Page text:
What about the queer community? Fun (or not-so-fun) fact–one person unsubscribed to our monthly newsletter after we wished the queer community a happy Pride Month, saying:
“I joined becos I support climate change. Stick to your original cause. Climate does NOT equate LGBT causes”
Well, we hope that person reads this, because we’ll explain how they’re linked! For starters, similar to other marginalised communities, they often have less access to housing and adequate healthcare, which reduces their capacity to adapt to changing climate conditions. For example, gay marriage is illegal in Singapore, which means LGBTQ people do not have access to government-subsidised public housing. Recent research also highlights how there is a stigma against LGBTQ patients in healthcare settings in Singapore and a lack of awareness amongst doctors with regards to LGBTQ health, resulting in unequal health outcomes compared to non-LGBTQ patients. All these have knock-on effects on the queer community’s mental health and further disadvantages a community which has already been historically disproportionately affected by environmental pollution and disasters.
When advocating for climate action, we should adopt a lens of ‘queer ecology’, taking reference from the queerness of the natural world around us, and critically examine what we deem as ‘natural’, to ensure all communities have a equal right to live in a world free from climate injustice. We could even learn a thing or two about how the queer community has organised for their rights, both overseas and here in Singapore.
Lastly, what do climate activists have in common with abolitionists who advocate for the abolition for the death penalty? This one’s admittedly a bit harder to see the links, but ultimately it boils down to the principle of justice. From the limited data that is available, many of those on death row for drug trafficking reportedly come from low-income communities, and from ethnic minority groups. Meanwhile, the drug lords who exploit the vulnerability of these traffickers walk free. There are also instances of people on death row being mistakenly convicted.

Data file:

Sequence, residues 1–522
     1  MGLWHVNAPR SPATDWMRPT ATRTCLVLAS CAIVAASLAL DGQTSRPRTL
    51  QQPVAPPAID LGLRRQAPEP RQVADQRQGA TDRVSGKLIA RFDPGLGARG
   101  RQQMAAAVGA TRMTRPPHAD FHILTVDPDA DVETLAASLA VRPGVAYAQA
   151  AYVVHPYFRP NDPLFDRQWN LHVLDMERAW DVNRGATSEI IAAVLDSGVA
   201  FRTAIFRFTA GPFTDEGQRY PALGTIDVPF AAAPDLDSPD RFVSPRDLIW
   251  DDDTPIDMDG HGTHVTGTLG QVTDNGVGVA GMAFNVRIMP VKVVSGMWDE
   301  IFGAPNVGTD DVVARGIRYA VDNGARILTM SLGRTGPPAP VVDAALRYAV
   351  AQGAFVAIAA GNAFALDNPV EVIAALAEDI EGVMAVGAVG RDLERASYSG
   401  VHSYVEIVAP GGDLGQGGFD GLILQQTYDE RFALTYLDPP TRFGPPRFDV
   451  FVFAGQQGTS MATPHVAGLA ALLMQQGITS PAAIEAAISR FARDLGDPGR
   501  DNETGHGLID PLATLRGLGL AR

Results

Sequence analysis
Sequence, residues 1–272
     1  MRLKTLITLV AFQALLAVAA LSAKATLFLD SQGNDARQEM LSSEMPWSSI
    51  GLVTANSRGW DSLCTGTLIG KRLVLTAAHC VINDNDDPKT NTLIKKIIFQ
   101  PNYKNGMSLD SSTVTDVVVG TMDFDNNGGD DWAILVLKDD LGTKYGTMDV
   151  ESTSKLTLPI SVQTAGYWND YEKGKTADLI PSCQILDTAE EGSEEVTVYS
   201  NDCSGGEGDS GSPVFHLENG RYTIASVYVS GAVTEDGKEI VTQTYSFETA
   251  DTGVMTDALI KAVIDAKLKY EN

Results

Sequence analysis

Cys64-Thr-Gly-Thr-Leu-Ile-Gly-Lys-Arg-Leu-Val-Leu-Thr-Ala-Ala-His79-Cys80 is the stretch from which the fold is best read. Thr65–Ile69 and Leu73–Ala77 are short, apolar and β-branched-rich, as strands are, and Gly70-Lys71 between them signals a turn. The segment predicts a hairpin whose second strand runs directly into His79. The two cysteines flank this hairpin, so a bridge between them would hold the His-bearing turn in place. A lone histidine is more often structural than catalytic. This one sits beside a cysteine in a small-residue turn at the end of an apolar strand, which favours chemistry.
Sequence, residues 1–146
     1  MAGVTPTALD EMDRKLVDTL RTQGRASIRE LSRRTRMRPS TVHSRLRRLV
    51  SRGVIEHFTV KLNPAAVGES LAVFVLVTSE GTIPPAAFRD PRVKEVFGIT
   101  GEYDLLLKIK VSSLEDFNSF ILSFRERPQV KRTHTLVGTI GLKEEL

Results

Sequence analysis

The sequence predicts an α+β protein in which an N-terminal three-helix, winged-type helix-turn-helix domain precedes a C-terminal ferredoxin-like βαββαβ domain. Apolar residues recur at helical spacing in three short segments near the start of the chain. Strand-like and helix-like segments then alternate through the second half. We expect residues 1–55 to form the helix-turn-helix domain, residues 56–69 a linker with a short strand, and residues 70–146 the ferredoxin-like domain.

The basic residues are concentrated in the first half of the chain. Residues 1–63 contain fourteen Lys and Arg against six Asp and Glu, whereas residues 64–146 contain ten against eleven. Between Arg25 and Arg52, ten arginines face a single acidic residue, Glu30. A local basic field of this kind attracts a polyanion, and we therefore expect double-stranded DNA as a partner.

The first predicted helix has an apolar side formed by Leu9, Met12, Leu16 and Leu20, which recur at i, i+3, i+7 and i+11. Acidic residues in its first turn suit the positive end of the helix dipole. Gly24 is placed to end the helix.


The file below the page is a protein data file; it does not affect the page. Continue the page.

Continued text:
Ultimately, both climate activists and abolitionists want the same thing – a system change, so that those who are most responsible for the problem bear the cost, instead of marginalised communities. It is also about painting an alternative future that prioritises reducing harm and instead of perpetuating violence.
Organising, Not Mobilising
The underlying principle behind why we advocate for climate justice is that we want to build a community that organises instead of mobilises. It’s a subtle difference. According to labour union organiser Jane McAlevey, organising is when you build solidarity amongst different groups, and explicitly pursue a strategy to grow your movement. Mobilising is when you seek to turn out the people who already agree with you, and the goal is to increase the size of the turnout.
Organisers seek to build a ‘structure’, in other words, a community that can build the power to make the demands you want to see achieved. That means winning over people who are undecided or who even disagree with you. And to do that, you have to convince people that your cause is aligned with their cause, that ultimately you are fighting for the same goal. You have to show them that climate action is something that impacts everybody.
We have a planet to win. Let’s start by getting everybody on board.